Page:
About this Episode
In this episode of the Medicinal Herbs podcast, host Daina Parent, ND, talks with naturopath and medical herbalist Berris Burgoyne about saffron.
Saffron, derived from the flower of Crocus sativus, is a culinary and medicinal herb that has been used for thousands of years for its therapeutic properties (00:49). Rich in various chemical components like crocin, crocetin, and safranal, saffron is known for its antioxidant, anti-inflammatory, and neuroprotective effects. It has been studied for its potential applications in treating a variety of conditions, including depression, anxiety, and neurodegenerative diseases like Alzheimer’s.
Historical Use of Saffron
Many different cultures around the world, especially those involving Ayurveda, use saffron as part of their medicinal healthcare (02:04). Because saffron is one of the most expensive herbs to cultivate, it is often adulterated. Ensuring high-quality sources of saffron is paramount.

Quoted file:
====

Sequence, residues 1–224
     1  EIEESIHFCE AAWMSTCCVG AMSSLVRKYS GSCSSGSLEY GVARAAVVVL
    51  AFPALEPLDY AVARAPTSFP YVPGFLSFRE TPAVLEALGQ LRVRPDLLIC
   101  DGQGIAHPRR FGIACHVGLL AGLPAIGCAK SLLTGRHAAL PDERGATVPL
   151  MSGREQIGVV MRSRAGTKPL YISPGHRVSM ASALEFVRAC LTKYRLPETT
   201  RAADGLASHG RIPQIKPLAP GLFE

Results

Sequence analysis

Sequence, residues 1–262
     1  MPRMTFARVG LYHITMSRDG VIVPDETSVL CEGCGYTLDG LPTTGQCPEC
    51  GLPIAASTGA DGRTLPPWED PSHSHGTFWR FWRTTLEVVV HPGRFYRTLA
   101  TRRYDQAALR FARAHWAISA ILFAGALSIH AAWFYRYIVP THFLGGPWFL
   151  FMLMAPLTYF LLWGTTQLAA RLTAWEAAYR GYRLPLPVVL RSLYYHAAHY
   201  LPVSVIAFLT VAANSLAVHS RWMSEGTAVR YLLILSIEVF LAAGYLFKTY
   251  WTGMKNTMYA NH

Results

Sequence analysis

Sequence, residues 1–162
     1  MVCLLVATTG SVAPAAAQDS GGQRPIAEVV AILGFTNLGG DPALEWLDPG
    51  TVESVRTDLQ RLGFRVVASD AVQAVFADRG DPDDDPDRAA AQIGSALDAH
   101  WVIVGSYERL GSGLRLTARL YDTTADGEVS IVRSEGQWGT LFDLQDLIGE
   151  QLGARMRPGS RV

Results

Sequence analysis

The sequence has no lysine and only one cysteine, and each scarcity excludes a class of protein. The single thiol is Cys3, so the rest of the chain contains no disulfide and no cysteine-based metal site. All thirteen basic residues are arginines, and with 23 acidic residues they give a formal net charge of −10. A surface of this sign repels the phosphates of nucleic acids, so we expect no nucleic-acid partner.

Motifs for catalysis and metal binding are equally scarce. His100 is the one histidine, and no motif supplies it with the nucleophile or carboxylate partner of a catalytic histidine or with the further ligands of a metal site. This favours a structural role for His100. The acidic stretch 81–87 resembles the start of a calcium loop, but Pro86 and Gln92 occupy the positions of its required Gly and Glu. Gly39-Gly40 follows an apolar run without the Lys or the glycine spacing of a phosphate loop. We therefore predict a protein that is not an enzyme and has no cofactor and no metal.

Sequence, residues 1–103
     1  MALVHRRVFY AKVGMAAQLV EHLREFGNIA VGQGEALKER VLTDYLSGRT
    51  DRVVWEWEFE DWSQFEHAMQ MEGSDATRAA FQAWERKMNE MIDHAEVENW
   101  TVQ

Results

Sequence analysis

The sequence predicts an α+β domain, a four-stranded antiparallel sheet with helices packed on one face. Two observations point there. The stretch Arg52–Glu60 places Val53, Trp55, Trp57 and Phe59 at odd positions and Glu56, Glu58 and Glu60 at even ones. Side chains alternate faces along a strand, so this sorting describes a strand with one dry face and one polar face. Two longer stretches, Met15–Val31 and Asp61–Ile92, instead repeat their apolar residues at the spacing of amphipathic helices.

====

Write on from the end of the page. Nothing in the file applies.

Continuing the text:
Traditional Use of Saffron
Saffron has been used traditionally for a variety of health contexts, including female reproductive disorders, coughs, colds, sore throats, and asthma (03:10). This herb is considered a tonic, and in Ayurveda, saffron is said to support the tonic action of other herbs, particularly those acting on the reproductive system such as shatavari.
Nervous System Disorders
Berris is also familiar with saffron as a tool to calm the nerves. Modern clinical research shows efficacy for utilizing saffron in the context of mild to moderate depression and other nervous system disorders. Some research shows a similar efficacy for saffron in relation to depression to a range of anti-depressant medications.
For low mood, frustration, and mild anxiety Berris prefers to use saffron in combination with St. John’s wort, skullcap, and schisandra – a blend she calls “my happy pill” (04:27). For mild cases, patients might experience a positive effect within an hour, though more intense contexts could take several weeks for efficacy (06:54). Berris notes that many of her patients like to keep the saffron combination on hand for acute use.
Though saffron is known for use in nervous system disorders, research also associates this herb with other clinical contexts such as Alzheimer’s disease, age-related eye diseases like glaucoma and macular degeneration, ADHD, and sleep dysfunction (08:44).
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